A prophetic title, “Once” is here to remind us that once in a while, you get a film out of nowhere that surprises you and reminds you the magic of the movies.

“Once” tells a story of a street performer, a busker, that communicates to the passing crowd his feelings and despair about the love he once lost. A Czech girl, an immigrant who is selling roses in the street hears him, and expresses her admiration for his voice and his songs. And one of the greatest stories starts to play out in front of the audiences eyes. Their growing bond spoken through song.

Two people, ignored usually by the crowds that pass them by, show tremendous talent not only in singing and playing their instruments but in learning the lessons of love through their songs and lyrics. We never learn either of their names. There is no need to. They are just two people, could just as easily be you and me. We never see them in a soppy love story. Those are for Hollywood, real life is never like that. That just is not how the world works. Instead we see them singing some amazing lyrics to one another and that is enough.

“Once” is one of the movies that forces you into contemplation after you’ve seen it. Upon watching, the audience will enjoy a very independent little movie, complete with not so steady camera work. As with many films of its ilk, the shaky screen can be uncomfortable, but persist, the magic of “Once” comes afterwards. Post-film, when you put all the scenes that you experienced together, you form a beautiful story, told in the most interesting way.

Using unknown actors (and I use the term actors lightly – the two leads are in fact musicians in real life, rather than actors) works very well given the anonymity of the roles they undertake. “Once” could not have worked if lead by the A-list stars. Unassumingly normal, the pair are refreshingly everyday, increasing the relateability factor.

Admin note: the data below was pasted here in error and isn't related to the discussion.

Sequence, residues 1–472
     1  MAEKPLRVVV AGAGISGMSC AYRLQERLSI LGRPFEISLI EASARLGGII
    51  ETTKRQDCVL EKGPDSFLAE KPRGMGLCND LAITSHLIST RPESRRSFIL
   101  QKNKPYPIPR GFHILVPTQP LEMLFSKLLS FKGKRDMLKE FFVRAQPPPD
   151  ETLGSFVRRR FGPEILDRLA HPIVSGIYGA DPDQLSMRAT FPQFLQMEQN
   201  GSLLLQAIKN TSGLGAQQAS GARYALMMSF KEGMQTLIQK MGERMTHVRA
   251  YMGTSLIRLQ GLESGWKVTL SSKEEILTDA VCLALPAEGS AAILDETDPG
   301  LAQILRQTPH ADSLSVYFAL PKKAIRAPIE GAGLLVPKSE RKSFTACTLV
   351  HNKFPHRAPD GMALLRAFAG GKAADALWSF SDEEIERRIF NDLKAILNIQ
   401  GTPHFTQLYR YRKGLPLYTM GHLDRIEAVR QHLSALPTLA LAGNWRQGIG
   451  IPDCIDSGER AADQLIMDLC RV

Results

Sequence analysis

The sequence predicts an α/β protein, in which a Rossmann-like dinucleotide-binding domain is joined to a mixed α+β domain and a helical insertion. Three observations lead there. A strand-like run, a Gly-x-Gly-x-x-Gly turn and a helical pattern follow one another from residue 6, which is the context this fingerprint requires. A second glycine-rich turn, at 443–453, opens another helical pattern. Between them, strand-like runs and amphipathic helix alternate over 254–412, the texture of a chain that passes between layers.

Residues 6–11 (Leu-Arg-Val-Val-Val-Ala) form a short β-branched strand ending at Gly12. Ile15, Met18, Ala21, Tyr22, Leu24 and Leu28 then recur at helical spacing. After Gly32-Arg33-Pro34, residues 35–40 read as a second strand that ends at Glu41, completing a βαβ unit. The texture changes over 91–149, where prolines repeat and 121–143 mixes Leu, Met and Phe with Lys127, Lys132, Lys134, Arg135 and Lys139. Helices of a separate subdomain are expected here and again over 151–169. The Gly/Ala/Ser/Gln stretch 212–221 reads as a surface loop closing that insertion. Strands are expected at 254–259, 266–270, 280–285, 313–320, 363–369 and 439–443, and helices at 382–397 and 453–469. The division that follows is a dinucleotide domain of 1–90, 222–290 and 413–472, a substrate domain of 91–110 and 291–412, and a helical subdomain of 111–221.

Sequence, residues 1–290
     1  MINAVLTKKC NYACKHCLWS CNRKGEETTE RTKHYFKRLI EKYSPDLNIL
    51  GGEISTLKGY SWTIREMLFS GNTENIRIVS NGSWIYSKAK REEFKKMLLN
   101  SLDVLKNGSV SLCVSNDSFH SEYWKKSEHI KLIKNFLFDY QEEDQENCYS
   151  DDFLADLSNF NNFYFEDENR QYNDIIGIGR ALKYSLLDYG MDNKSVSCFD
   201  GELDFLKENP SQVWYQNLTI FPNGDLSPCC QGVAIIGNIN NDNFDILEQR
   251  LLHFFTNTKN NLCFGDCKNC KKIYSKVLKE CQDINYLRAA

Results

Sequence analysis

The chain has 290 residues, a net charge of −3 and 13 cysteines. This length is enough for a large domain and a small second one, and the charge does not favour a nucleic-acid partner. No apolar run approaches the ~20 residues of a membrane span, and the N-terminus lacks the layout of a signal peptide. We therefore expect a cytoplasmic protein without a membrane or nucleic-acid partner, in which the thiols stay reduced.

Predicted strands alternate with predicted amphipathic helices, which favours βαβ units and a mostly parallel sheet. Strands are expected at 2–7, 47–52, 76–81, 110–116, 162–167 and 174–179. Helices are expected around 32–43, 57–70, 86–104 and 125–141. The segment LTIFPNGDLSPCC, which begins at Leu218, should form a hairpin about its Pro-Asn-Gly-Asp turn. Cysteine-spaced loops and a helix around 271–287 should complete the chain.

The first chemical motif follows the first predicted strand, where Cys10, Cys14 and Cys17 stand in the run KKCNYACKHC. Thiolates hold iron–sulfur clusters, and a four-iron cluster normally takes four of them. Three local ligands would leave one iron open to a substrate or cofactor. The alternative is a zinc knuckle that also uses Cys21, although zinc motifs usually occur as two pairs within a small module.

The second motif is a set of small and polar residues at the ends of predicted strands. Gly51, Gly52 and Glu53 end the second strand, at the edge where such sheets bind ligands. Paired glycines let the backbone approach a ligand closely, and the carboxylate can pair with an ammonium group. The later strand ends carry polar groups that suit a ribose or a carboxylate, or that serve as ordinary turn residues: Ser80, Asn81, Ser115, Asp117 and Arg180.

Both Glen Hansard and Markéta Irglová are subtle, real, and genuine in their understated performances. They easily convince as two friends strengthening their relationship.

The dialogue is simple yet effective, but the majestic is left for the songs which easily dominate the scenes in which they are present. “Once” boasts without doubt one of the most delicately beautiful and emotionally uplifting soundtracks of recent times.

Written and directed by former The Frames lead singer/bassist John Carney, it is clear that Carney has a passion for observation. “Once” steers clear of the intrusive. In a Big Brother obsessed society, Carney has captured the feeling of following a stranger you meet down the street without ever really imposing on their world. His approach feels like a documentary. He is here to remind us that we are watching these people, to listen to them and enjoy their relationship.

The observational documentary effect is only enhanced by the camera work. For the majority of the fi lm, the hand-held effect is simple yet used to good effect. However, Carney is too clever to leave the viewer in a state between reality and fiction. The last scene is perfectly executed. Using a crane, the camera ‘flies away from the scene providing an ending so complete, yet so full of craving to fi nd out what became of our fictional pair.

“Once” (Icon Home Entertainment) is available on DVD.

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